Does pineapple change the taste of your vagina? Actually?

Does pineapple change the taste of your vagina? Actually?

Have you ever eaten beets then noticed that your pee looks pink? Or maybe you caught a strange whiff and realized your pee smells after eating asparagus? The food we eat affects our bodies in ways we’re not always aware of, from the color of our pee to the way our vaginas smell. 

But what about taste? Does pineapple actually change the taste of your vagina? Keep reading to find out.

So, where did this rumor come from?

A few years back, social media mogul Kim Kardashian posted an Instagram of herself holding a can of pineapple juice with the caption “Google the benefits of pineapple juice.” She was alluding to a surprising, yet common, belief that drinking pineapple juice can make your vagina taste sweeter. 

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What’s the verdict? Does pineapple make your vagina taste sweeter?

Like most urban myths, the truth behind this one is entirely based on anecdotal evidence rather than any concrete scientific studies. Mainly on Reddit, there are some pretty thorough forums documenting the taste of bodily excretions based on diet with the conclusion that fruit, in particular, can make them sweeter. According to Redditors, a fruit-heavy diet can go a long way and they claim that vaginas not only taste sweeter but semen too. 

Alyssa Dweck, MS, MD, FACOG, a New York-based OBGYN and co-author of The Complete A to Z for Your V, told Health that her patients have anecdotally reported a positive change in vagina taste after eating pineapple and that she continues to hear more about this phenomenon even though it hasn't been scientifically proven.

The bottom line is that there is no solid scientific evidence to prove that pineapple changes the taste of your vagina. If that's the only reason you're drinking it, you can take the pineapple juice off of your grocery list. And pineapple aside, check out our favorite foods for a healthy vagina here. 

Do pineapples have health benefits?

There is no denying that pineapple and pineapple juice have plenty of health benefits. Pineapple is an excellent source of vitamin C, which can be beneficial to your immune system.

It's also a great source of vitamin A and several other vitamins including beta-carotene, which can help to promote healthy vision.

Pineapples contain  bromelain. Bromelain is important enzyme that helps fight swelling in the body. Not only is bromelain thought to help with inflammation, but it also can reduce congestion caused by excess mucus. Many nutrients in pineapple can be beneficial for your heart, allergy/cold symptoms, and digestion.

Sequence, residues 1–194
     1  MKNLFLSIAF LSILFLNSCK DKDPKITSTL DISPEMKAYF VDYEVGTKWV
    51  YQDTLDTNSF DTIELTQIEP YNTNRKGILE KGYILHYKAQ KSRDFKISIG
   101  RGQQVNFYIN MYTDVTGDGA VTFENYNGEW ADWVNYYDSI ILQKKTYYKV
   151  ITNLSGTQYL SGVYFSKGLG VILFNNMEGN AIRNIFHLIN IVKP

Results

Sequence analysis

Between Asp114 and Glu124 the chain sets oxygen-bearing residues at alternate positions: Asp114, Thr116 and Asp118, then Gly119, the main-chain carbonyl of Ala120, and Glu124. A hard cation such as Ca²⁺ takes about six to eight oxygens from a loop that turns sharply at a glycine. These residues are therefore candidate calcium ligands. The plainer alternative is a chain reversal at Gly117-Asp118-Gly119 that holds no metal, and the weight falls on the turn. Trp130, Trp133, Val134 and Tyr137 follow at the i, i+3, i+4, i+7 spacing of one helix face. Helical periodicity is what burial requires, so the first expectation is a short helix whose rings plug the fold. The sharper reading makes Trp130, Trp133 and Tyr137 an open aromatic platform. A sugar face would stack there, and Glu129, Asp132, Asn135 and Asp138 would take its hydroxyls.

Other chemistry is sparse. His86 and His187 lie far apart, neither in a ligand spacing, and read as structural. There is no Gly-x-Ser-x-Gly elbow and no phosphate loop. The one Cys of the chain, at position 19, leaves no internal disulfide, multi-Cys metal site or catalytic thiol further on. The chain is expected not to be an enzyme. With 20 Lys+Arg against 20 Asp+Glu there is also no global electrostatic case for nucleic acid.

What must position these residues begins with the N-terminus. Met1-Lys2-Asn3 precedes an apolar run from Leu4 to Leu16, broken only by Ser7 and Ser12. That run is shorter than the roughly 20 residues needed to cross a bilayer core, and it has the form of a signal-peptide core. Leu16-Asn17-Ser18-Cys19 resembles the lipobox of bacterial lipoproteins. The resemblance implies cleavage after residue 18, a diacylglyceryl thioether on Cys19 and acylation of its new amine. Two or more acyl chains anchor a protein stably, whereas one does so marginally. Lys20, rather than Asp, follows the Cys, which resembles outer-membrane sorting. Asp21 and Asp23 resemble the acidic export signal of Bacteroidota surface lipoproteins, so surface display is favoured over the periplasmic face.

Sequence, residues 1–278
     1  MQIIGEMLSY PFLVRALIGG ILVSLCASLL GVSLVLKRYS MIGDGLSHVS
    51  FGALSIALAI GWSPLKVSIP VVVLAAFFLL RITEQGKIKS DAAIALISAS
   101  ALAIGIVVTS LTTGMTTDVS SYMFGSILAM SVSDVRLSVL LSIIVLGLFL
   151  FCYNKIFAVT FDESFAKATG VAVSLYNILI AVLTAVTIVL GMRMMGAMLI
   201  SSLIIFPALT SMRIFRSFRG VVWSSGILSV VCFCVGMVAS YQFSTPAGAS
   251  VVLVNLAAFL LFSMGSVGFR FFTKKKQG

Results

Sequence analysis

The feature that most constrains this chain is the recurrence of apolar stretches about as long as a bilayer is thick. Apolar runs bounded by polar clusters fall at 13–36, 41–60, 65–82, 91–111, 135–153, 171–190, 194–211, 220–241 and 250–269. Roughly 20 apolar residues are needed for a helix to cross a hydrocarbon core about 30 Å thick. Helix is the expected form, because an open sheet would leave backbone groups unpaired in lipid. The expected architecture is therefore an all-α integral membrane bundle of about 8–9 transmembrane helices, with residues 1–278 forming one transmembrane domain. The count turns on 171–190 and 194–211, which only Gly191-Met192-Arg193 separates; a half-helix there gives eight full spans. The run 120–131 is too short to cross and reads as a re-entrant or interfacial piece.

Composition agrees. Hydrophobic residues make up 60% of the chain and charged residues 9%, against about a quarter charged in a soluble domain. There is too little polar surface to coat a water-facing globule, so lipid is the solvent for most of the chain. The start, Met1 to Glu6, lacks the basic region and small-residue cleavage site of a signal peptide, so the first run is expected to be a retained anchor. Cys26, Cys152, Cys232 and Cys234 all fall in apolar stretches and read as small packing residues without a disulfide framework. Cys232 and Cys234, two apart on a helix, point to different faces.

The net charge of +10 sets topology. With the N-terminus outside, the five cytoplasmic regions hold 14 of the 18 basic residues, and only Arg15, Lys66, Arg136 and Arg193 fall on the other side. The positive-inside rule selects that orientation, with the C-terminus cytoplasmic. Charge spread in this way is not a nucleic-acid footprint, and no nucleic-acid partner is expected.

If you’re questioning adding pineapple or pineapple juice to your diet, get in touch with your health care provider to ensure it’s safe for you and your body. While it has many benefits, it can also exacerbate heartburn, worsen existing kidney disease (from potassium), and have negative effects on your teeth (as all sugars do). 

How do vaginas taste? How do vaginas smell?

With so much stigma around “dirty vaginas” and expectations for a woman to appear “clean,” it’s no wonder that the pineapple myth has stuck around. The truth is, each vagina has its own unique smell and taste with natural fluctuations throughout your menstrual and ovulation cycles. Your vagina is not supposed to smell or taste like a fruit! 

Vaginas aren’t supposed to smell or taste like air fresheners and rainbows, they’re supposed to smell and taste like a vagina. This is contrary to what douching products and scented vaginal washes might try to tell you. Douching treatments and other variables, like antibiotics, can alter the level of healthy bacteria that live in your vagina, which can lead to yeast infections or bacterial vaginosis. If you’re already dealing with an infection, douching can even push that infection further into the uterus, causing even more serious health problems.

If you notice your vagina producing any strong odor, try Stix Vaginal pH Tests to see if you have a yeast infection or other vaginal infection like bacterial vaginosis. We recommend contacting your primary care provider for a follow-up for any treatment you may need.

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